A third design goal of HTML was to provide for the platform-independent display of information. The goal was not for documents to look exactly the same on all platforms, but to empower document authors to specify formatting rules that would ensure that documents looked their best on any platform.
For example, Listing 1 is the HTML code for a very simple data input form. The figures that follow illustrate how this Web page appears in Microsoft Internet Explorer Version 5.5 on a Windows 2000 client (see Figure 1) and in Netscape Navigator 4.x on a Unix client (see Figure 2).
Listing 1: An HTML Data Input Form
<html> <head> <title>Example Web Page</title> </head> <body> <h1 align="Center">Example Web Page</h1> <h3>Data Entry Form</h3> <form name="DataForm" action="input.asp"> <b>Name: </b><input type="Text" Size="30" name="txtName"><br> <b>Address: </b><input type="Text" Size="40" name="txtAddr"><br> <b>City: </b><input type="Text" Size="20" name="txtCity"> <b>State: </b><input type="Text" Size="2" name="txtState"> <b>Zip: </b><input type="Text" Size="5" name="txtZip"><br> <br> <b>Member? </b><input type="Checkbox" name="cbMember" checked><br> <br> <input type="Submit" Value="Submit"> <input type="Reset" Value="Clear"> </form> </body> </html>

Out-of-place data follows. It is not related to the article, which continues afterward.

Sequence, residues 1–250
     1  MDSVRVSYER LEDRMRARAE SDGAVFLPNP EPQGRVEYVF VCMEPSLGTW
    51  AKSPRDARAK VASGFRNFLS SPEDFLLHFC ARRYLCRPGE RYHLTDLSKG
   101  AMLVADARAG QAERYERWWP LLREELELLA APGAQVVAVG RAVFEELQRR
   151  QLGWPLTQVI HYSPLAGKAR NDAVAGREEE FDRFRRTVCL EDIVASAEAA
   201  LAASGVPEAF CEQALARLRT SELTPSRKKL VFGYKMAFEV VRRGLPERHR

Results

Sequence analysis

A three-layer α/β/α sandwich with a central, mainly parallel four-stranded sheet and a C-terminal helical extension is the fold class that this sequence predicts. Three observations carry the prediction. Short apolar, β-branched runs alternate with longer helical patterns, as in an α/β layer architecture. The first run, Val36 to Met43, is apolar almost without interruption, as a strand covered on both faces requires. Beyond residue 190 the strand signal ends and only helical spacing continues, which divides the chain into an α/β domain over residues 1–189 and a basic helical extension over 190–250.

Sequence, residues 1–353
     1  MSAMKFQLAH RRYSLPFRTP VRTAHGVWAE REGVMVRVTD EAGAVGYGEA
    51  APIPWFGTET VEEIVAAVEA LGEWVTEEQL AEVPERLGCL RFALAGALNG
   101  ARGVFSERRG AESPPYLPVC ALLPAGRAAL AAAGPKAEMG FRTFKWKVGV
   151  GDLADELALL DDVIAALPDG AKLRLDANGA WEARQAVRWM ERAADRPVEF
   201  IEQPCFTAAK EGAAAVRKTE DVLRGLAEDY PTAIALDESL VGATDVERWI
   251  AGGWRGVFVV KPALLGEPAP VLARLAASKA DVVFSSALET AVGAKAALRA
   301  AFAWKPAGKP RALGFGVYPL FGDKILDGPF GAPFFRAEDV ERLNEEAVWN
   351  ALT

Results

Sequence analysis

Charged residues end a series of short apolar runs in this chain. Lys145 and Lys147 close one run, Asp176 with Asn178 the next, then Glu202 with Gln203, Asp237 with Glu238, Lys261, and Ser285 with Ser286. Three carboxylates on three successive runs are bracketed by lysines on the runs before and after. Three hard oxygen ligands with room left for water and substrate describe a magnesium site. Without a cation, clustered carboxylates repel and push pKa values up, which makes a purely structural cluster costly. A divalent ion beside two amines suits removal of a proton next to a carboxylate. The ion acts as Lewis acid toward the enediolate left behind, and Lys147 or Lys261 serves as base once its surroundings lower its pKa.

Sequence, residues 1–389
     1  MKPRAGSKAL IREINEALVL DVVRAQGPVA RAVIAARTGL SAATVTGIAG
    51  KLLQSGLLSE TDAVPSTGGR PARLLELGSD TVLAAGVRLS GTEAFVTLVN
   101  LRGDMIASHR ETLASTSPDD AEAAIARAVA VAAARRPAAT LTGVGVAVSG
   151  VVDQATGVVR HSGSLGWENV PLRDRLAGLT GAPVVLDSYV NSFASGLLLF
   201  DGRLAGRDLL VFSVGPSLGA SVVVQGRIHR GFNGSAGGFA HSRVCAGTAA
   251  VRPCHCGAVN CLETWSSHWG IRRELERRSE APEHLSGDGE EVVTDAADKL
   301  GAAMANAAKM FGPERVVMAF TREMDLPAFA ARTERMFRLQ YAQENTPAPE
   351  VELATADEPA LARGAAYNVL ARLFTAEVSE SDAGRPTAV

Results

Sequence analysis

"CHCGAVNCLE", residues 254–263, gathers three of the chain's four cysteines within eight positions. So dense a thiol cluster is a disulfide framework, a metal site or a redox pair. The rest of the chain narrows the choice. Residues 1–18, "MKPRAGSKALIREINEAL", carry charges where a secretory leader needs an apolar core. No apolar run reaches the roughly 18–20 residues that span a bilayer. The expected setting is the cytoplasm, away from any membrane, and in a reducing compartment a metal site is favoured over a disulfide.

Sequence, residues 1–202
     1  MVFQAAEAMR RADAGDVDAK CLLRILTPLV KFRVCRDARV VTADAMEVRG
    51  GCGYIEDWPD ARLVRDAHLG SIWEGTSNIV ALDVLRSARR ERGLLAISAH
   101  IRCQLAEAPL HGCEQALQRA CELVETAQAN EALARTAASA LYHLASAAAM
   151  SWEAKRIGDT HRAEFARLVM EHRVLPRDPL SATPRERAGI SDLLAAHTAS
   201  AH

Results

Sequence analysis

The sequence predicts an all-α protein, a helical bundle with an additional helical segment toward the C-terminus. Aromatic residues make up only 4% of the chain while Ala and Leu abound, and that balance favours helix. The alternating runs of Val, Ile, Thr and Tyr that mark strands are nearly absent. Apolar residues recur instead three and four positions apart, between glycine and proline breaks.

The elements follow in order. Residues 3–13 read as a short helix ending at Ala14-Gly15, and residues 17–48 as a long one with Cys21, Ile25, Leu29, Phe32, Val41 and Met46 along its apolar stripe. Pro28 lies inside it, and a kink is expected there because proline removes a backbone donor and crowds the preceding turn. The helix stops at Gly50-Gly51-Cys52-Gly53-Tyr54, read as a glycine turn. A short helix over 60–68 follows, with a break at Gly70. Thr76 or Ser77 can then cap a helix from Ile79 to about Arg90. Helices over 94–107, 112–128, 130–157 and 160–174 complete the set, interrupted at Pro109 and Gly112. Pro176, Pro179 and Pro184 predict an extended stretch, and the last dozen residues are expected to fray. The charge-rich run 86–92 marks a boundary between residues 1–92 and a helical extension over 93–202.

This HTML code specifies several formatting rules for the textual elements, along with a number of interactive form elements.
Figure 1 The data input form in Internet Explorer.
Figure 2 The data input form in Netscape Navigator.
These figures illustrate how two different Web browsers interpret and display the same HTML code. Notice that although the resulting Web page looks somewhat different in the two figures, in both cases, the elements follow the general rules specified by the HTML code.
For example, the major heading "Sample Web Page" appears as the largest textual element on the page and is centered in the browser window. The next heading, "Data Entry Form," is smaller than the first heading but larger than the other textual elements. Finally, the form provides functional text boxes, buttons, and a check box.
The low-level code required to implement elements such as these would be drastically different on each of these two platforms. However, using HTML, the Web page author can assume that no matter what platform is used to view the page, the resulting output will follow the specified general rules and have the expected functionality.